"We really want to get that message out there about what we're trying to do, and how important it is to create something sustainable," he says.
I met Mac, who worked with Bill at his Phuket resorts, and has been part of the Shinta Mani Wild team from the very beginning.
Over dinner, he excitedly shared stories of recent elephant sightings in the mountains, his eyes lighting up at the thought of witnessing these magnificent creatures in the wild.
When I asked him what it was like to live in such a remote region, he said "I love it out here.. everyone who works here has a lot of passion for this place."
Roth is another fantastic guide who came from Siem Reap as a zipline specialist. When I asked him why he moved to Shinta Mani Wild, he confirmed what Mac had said. "I love nature and I love this forest."
It’s this undercurrent of passion that drives Shinta Mani Wild.
You feel it as soon as your guides warmly encourage you to step off the zipline platform into the air. Any apprehension quickly turns to wonder, as you marvel at the beauty below.
You feel it in your conversations with the friendly staff, who are always happy to chat about the camp, their job and their experiences.
You feel it throughout every adventurous excursion, with expert guides taking you to the most extraordinary corners of the park, while sharing their wisdom about the ecosystem.
As I cruised down the river with Roth at sunset, we kept out eyes peeled for birds, and he deftly pointed out colourful kingfishers and hornbills flitting among the trees.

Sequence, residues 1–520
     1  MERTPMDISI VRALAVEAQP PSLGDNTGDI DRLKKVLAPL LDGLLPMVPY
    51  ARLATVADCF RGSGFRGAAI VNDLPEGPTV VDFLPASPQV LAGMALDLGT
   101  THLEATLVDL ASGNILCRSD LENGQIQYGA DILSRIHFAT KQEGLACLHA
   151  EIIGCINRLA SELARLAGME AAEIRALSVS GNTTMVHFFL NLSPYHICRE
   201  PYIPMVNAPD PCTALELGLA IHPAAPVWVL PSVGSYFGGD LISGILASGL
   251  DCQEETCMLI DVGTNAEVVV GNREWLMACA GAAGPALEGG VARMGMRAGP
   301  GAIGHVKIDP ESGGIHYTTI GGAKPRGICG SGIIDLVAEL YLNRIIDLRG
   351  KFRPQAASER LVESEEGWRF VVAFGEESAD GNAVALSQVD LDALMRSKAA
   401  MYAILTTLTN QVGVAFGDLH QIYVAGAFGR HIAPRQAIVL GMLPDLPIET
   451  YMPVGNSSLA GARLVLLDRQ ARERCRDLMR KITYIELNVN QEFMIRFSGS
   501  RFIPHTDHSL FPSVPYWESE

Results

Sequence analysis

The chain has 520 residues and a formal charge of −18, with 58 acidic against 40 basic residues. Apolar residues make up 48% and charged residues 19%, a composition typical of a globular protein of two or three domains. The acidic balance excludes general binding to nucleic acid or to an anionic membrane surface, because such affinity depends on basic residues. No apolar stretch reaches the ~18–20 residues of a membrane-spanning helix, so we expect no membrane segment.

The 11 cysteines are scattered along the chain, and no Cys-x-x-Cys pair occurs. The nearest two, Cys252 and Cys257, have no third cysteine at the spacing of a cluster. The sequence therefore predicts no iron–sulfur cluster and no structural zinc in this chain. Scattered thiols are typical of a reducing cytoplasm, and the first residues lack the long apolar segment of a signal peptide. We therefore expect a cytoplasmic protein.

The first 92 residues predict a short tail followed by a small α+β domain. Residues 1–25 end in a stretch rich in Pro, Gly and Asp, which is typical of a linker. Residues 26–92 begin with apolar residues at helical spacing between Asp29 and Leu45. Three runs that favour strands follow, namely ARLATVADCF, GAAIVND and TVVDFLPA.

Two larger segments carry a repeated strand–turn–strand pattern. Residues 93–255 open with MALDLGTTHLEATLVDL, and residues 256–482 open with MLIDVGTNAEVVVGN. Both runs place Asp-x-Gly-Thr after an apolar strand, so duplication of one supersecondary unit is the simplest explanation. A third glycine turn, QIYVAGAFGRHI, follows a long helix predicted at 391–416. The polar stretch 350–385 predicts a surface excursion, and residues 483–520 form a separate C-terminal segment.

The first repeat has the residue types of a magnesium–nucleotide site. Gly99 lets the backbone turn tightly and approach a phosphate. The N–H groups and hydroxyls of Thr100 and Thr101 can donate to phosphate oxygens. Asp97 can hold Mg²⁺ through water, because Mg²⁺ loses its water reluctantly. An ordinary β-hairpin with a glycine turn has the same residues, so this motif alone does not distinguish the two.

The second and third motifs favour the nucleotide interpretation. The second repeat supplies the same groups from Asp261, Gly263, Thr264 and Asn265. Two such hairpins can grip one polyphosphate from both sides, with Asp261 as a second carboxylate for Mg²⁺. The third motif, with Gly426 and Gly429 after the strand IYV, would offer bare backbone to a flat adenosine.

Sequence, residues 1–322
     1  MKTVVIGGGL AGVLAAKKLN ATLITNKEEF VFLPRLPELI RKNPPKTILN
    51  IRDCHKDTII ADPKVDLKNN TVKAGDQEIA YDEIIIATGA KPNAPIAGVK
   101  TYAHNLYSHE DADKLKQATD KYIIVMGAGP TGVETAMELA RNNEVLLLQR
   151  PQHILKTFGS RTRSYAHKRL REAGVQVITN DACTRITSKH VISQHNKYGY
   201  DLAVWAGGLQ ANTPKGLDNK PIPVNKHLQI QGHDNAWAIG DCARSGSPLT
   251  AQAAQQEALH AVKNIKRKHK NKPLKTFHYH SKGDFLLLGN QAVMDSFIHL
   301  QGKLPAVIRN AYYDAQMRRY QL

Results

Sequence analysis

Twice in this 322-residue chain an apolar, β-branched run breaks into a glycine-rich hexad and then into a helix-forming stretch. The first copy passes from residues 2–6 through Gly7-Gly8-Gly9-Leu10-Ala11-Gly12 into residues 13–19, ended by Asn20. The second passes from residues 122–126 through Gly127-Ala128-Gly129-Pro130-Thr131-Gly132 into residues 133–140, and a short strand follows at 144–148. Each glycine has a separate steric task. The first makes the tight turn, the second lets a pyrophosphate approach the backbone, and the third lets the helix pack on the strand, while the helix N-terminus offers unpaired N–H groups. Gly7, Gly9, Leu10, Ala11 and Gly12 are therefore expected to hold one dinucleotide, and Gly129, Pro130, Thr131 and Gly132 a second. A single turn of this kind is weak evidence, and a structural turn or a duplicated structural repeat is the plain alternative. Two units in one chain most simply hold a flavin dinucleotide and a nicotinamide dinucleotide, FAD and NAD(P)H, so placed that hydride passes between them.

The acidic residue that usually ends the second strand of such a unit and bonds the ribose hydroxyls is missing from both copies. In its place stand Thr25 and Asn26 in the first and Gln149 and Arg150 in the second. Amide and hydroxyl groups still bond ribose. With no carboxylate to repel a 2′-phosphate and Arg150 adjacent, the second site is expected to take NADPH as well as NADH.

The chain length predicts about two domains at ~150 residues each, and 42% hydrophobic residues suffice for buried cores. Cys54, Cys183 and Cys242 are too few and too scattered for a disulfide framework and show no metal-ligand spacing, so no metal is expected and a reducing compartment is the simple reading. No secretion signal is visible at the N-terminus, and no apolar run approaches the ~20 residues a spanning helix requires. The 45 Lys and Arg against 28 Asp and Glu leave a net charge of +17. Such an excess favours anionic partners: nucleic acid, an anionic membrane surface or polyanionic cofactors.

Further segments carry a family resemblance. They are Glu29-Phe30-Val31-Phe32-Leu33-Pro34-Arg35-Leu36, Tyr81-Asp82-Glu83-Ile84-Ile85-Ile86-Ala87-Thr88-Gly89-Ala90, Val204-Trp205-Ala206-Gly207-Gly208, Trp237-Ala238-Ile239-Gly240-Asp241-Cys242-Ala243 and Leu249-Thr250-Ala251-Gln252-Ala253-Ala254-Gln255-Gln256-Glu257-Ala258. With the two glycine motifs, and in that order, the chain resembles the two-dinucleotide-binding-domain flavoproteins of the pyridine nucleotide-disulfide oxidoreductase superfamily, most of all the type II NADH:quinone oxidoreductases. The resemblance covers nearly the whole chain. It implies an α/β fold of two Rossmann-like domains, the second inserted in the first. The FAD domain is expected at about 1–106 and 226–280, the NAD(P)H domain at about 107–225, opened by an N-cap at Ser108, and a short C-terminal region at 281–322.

Suddenly, he ran to the side of the boat and excitedly called me over. There was a massive reticulated python slithering between the trees on the river bank. It was the first time he’d seen the python in this area, and we agreed it was a lucky omen.
You can even join the camp’s Sous Chef and expert forager, Lo Los, on his daily forage. He ventures into the forest to gather herbs and plants, teaching you how to identify the forest’s edible treasures and how to work them into traditional Cambodian dishes.
Each day, you’ll taste a little bit of the forest, as the Shinta Mani chefs serve up divine tasting menus and culinary experiences, featuring ingredients from the daily forage.
Whether you kayak, hike, mountain bike, sail, motorbike or zipline through the landscapes, it’s hard not to become completely enamoured by the camp and the national park, and the passion that’s saving it.
As a new leader in responsible tourism, Shinta Mani is paving the way for the next generation of luxury travel, proving that luxury and sustainability are synonymous concepts.
It's is also sending a strong message to the industry about their responsibility to the environment. While the camp is characterfully designed and wonderfully luxurious, it’s true purpose is to save one of the greatest wilderness areas in southeast Asia.
“This is Bill’s philanthropic project and his way of giving back”, says Sangjay.
And with the camp profits going directly towards saving the Cardamom National Park and supporting the neighbouring villages, the camp makes it easy for guests to give back too.
As the threat of climate change increases and the environmental war rages on, Shinta Mani Wild is a sustainable oasis in the Cambodian jungle.
And they’re offering the chance to be part of something earth-saving.
If you'd like to stay at Shinta Mani Wild on your luxury holiday in Cambodia, get in touch with our Luxury Travel Specialists, orfill out our enquiry formwith details of your dream Cambodian holiday.